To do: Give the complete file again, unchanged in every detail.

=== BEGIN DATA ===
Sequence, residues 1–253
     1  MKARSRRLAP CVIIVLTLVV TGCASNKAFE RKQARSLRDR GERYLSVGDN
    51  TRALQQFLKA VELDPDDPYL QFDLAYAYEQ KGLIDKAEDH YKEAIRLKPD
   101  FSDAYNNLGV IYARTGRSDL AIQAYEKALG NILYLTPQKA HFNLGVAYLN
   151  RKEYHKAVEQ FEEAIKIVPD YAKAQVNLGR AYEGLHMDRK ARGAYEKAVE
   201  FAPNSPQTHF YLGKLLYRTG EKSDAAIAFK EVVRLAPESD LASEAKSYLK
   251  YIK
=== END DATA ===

Sequence, residues 1–253
     1  MKARSRRLAP CVIIVLTLVV TGCASNKAFE RKQARSLRDR GERYLSVGDN
    51  TRALQQFLKA VELDPDDPYL QFDLAYAYEQ KGLIDKAEDH YKEAIRLKPD
   101  FSDAYNNLGV IYARTGRSDL AIQAYEKALG NILYLTPQKA HFNLGVAYLN
   151  RKEYHKAVEQ FEEAIKIVPD YAKAQVNLGR AYEGLHMDRK ARGAYEKAVE
   201  FAPNSPQTHF YLGKLLYRTG EKSDAAIAFK EVVRLAPESD LASEAKSYLK
   251  YIK